Tuesday, December 30, 2008

The things I missed....

The last bit though leads to some interesting fodder via "Dr." Chopra:

[W]hen I entered the makeshift ICU I saw Maharishi lying unconscious in a bed with IV tubes and a respirator just as I had foreseen. My father informed me darkly that after drinking a glass of orange juice given to him by “a foreign disciple,” Maharishi had suffered severe abdominal pain and inflammation of the pancreas, along with kidney failure followed by a heart attack. Poisoning was suspected. Over the next few days Maharishi’s condition worsened. The pancreas and kidney functions continued to deteriorate, and his heart didn’t improve. My father was of the opinion that Maharishi should be taken to England for a course of kidney dialysis. The Indian TM organization, centered around Maharishi’s nephews, Prakash and Anand Shrivastava, were adamant that no one in the movement should find out that Maharishi was grievously ill. The rationale was that his followers would panic and lose faith.

I found myself torn, because Maharishi had long presented himself as being far from the typical Hindu guru. He did not assert his own divinity. He credited his entire career to his own master, Guru Dev. He seemed indifferent to the cult of personality and the aura of superstition surrounding gurus, which includes the notion that they have perfect control over mind and body and hold the secret of immortality. But deeper than that, Maharishi wasn’t a religious figure. Although he had taken vows as a monk, he brought a technique to the West, Transcendental Meditation, that was entirely secular and even scientific. Indeed, his lasting memory will probably be that he convinced Westerners of the physical and mental benefits of a purely mechanical non-religious approach to consciousness. I was troubled that his falling ill had to be hidden essentially to preserve the image of a superhuman being who couldn’t get sick like mere mortals...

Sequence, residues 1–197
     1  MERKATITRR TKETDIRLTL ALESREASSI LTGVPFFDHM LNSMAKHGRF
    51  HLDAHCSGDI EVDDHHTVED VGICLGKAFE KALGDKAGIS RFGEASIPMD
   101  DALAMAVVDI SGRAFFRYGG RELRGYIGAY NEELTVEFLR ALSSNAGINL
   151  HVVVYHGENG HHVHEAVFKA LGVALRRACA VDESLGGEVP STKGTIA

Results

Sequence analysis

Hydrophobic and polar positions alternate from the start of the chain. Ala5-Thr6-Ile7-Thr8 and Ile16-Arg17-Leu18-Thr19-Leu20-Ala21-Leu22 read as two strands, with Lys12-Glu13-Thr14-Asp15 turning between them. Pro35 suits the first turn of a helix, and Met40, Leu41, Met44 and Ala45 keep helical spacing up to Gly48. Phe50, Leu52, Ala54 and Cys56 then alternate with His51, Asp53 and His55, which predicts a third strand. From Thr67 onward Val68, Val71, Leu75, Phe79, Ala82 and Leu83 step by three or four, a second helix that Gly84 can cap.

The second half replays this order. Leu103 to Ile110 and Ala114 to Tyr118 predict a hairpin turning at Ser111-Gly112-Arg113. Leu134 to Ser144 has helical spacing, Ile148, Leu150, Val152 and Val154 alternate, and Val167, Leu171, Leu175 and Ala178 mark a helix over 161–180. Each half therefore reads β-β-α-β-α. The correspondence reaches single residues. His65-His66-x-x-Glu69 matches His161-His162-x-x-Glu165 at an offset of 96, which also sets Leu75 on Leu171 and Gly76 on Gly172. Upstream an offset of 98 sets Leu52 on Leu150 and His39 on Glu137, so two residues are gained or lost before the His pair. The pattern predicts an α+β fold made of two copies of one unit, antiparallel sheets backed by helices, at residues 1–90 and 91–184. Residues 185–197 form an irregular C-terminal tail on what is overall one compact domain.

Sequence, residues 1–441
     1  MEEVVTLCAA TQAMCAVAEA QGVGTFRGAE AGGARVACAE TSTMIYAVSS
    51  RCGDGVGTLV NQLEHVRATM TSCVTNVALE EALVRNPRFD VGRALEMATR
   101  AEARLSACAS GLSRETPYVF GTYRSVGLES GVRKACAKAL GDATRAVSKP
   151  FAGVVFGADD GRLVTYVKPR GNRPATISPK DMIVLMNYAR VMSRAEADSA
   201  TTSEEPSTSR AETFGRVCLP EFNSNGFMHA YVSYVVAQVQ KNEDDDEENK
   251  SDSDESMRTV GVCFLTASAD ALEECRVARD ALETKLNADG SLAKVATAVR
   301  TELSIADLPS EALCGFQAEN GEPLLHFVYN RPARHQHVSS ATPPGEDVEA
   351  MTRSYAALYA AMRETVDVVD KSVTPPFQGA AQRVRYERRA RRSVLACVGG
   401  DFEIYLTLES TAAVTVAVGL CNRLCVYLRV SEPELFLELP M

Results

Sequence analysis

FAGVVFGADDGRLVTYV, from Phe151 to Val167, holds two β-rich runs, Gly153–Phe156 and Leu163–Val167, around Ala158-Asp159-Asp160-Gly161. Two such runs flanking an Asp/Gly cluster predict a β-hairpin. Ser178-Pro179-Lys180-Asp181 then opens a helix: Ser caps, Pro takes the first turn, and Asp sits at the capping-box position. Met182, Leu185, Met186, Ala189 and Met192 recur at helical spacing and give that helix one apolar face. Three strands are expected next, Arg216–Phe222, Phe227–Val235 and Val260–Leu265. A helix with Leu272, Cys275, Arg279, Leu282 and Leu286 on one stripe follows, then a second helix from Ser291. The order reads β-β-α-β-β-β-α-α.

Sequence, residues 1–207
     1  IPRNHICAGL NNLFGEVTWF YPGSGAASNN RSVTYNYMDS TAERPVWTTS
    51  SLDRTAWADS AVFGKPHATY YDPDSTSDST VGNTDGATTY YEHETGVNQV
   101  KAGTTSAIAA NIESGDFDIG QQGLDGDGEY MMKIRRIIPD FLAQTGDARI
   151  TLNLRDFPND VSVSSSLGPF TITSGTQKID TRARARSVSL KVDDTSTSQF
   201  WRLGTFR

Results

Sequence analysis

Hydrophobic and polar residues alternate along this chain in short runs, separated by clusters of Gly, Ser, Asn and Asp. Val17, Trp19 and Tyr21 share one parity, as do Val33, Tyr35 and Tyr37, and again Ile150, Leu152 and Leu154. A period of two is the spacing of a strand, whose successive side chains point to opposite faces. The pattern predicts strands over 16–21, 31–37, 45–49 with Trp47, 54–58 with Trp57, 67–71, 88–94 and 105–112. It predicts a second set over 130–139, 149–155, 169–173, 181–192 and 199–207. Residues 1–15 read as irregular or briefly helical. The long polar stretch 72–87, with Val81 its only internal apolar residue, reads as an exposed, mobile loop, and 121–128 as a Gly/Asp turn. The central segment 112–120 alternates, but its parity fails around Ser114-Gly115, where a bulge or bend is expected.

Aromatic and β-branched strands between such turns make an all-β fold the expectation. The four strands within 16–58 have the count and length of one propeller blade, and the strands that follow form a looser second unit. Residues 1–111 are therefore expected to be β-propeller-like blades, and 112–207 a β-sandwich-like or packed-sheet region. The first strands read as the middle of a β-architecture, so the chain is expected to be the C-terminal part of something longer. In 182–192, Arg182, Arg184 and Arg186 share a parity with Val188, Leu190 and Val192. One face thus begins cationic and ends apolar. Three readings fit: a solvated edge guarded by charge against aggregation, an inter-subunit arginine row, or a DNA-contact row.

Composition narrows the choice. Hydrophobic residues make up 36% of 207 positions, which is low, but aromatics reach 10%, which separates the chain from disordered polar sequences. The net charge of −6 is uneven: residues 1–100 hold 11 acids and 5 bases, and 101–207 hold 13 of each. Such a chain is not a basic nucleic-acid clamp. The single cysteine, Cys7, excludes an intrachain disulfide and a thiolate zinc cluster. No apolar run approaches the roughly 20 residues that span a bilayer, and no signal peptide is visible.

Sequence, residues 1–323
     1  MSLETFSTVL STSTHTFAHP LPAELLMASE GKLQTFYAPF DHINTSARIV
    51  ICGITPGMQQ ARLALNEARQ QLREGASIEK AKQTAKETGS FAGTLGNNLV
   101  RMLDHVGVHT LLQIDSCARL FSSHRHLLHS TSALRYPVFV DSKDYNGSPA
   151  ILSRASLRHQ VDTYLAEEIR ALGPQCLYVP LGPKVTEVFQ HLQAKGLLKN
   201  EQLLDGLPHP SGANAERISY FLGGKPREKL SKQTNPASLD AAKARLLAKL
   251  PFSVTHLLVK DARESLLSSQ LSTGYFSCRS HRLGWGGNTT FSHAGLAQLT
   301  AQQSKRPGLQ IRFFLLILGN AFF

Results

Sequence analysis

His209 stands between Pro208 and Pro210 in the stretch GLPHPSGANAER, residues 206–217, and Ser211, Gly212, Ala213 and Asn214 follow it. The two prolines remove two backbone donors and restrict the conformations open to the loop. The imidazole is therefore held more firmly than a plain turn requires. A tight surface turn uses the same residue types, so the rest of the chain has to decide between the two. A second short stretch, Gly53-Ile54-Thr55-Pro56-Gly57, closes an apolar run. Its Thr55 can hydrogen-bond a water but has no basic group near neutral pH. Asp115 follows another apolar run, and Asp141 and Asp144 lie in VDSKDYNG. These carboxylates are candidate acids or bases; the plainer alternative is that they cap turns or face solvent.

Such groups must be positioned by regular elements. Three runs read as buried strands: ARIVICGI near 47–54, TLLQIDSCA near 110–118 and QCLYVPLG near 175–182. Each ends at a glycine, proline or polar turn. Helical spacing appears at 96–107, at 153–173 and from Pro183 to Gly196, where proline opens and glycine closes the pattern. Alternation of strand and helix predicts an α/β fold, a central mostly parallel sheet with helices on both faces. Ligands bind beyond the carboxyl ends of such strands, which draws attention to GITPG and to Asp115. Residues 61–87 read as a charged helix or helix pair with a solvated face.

Can a real guru be unfair, jealous, biased, and ultimately manipulative?

For a devotee, the answer is unquestionably yes. The role of a disciple isn’t to question a guru, but the exact opposite: Whatever the guru says, however strange, capricious, or unfair, is taken to be truth. The disciple’s role is to accommodate to the truth, and if it takes struggle and “ego death” to do that, the spiritual fruits of obedience are well worth it. A guru speaks for God and pure consciousness; therefore, his words are a direct communication from Brahman, who knows us better than we know ourselves. In essence the guru is like a superhuman parent who guides our steps until we can walk on our own. Was Maharishi doing that to me?

No, that's nonsense, at least in my tradition. If I don't doubt the teacher to his core (or lack thereof), it's certainly not enlightenment.

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